Costume of Pathakam
The costume of the actor is very simple, though quaint; he wears a head-dress which has some faint attempts at ornaments, though in the absence of this, any coloured piece of cloth round his head will quite suffice. His chest is generally bare, adorned with sandal paste, necklaces and other ornaments. There is nothing to mark of the stage from the audience but a lighted lamp, and there is no curtain.
Performance of Pathakam
When everything is ready, the actor comes, stands facing the audience and performs Mangala, the verse being mixed Sanskrit and Malayalam, in a voice that is scarcely audible. This is then followed by a long prose passage in which he sets forth the purposes of such dramatic expositions, the main object being religious education of the easiest and simplest type. This opening verse and the subsequent prose passage compare very favourably with the Nandi and Prarooana of the Sanskrit theatre stage. Once these are over, he begins in the local vernacular and describes the situation where the story begins.
Having thus well introduced the audience to the particular context, he recites the text which is in Sanskrit and proceeds to expound the same in vernacular with a wealth of illustrations, making adequate reference to the current social topics. There is little of acting, but appropriate gestures are utilised to make the narration as vivid as possible. The expositor enjoys freedom of speech to a certain extent, though for fear of losing his patronage he never uses it to the same extent as the Cakyar does. It will be seen from what has been said that the main aim of this variety of spectacular entertainment is to impart education leavened with wit and humour. This variety of entertainment is not far distinct from the variety of Kuttu called Prabandham Euttu.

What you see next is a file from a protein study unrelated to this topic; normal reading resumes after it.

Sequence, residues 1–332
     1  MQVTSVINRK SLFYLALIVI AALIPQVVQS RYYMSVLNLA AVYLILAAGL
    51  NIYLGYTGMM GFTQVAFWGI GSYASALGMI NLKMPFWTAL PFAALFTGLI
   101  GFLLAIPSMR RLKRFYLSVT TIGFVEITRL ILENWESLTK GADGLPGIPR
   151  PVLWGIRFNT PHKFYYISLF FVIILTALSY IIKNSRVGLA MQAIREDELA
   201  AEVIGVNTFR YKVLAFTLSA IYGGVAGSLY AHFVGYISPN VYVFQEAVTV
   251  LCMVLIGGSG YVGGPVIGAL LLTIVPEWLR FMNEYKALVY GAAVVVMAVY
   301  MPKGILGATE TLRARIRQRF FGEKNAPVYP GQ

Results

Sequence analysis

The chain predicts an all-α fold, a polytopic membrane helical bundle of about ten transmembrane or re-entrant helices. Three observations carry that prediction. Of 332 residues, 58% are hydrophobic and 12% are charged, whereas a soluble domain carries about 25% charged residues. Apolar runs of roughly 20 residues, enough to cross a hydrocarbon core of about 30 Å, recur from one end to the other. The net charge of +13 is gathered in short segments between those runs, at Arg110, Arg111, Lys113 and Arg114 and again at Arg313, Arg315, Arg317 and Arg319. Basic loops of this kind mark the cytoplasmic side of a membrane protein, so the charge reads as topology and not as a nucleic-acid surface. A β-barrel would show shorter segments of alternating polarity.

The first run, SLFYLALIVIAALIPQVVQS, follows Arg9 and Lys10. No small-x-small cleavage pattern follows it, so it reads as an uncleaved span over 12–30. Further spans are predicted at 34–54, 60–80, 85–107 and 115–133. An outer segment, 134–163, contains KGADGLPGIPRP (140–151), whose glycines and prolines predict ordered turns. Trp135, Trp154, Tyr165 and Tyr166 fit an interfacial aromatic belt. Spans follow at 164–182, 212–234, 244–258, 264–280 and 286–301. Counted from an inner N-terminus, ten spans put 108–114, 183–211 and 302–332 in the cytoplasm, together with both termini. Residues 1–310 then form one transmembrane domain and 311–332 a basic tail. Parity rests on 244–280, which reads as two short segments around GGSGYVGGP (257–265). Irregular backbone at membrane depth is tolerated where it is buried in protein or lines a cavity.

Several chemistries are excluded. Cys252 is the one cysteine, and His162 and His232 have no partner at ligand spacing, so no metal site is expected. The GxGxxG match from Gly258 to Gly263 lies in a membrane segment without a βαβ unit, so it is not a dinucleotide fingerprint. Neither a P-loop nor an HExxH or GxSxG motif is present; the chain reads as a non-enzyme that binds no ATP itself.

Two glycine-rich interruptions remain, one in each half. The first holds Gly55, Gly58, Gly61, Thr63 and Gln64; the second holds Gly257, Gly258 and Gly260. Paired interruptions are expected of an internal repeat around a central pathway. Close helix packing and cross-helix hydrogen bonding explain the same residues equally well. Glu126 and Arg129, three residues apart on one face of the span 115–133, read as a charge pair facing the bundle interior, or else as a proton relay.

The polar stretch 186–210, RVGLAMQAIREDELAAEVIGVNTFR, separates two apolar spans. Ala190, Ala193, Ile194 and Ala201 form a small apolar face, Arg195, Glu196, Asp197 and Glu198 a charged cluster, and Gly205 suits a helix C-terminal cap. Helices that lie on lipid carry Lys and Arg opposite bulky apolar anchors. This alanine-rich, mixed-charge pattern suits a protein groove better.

Contribution of Pathakam in Literature
The prominence given to the vernacular and the freedom given to the performance, the place of acting and the actor are evident innovations introduced in the direction of simplification with a view to making Pathakam more and more popular. One ought to be grateful to the originators of Pathakam, for this has led to the creation of a number of works in Sanskrit language which are locally called Prabandhams.
In number they are over 30, and in size they may easily fill a volume of about 300 pages, while in intrinsic merit they occupy a very high place in literature. Here is a definite measure of Kerala contribution to Sanskrit Literature, but unfortunately it is as yet unknown. It is strange that not one of these has yet been published in Devanagari script. Again the need for an expository commentary to help the Pathakakkaran has also led to the creation of a school of literary criticism Malabar and it also adds a definite contribution of its own to literary criticism. Thus, it will be seen that Pathakam and Prabandham kuttu supplied not merely noble recreation to all alike, both the literate and illiterate but also enriched the Sanskrit Literature both by original works and valuable commentaries.
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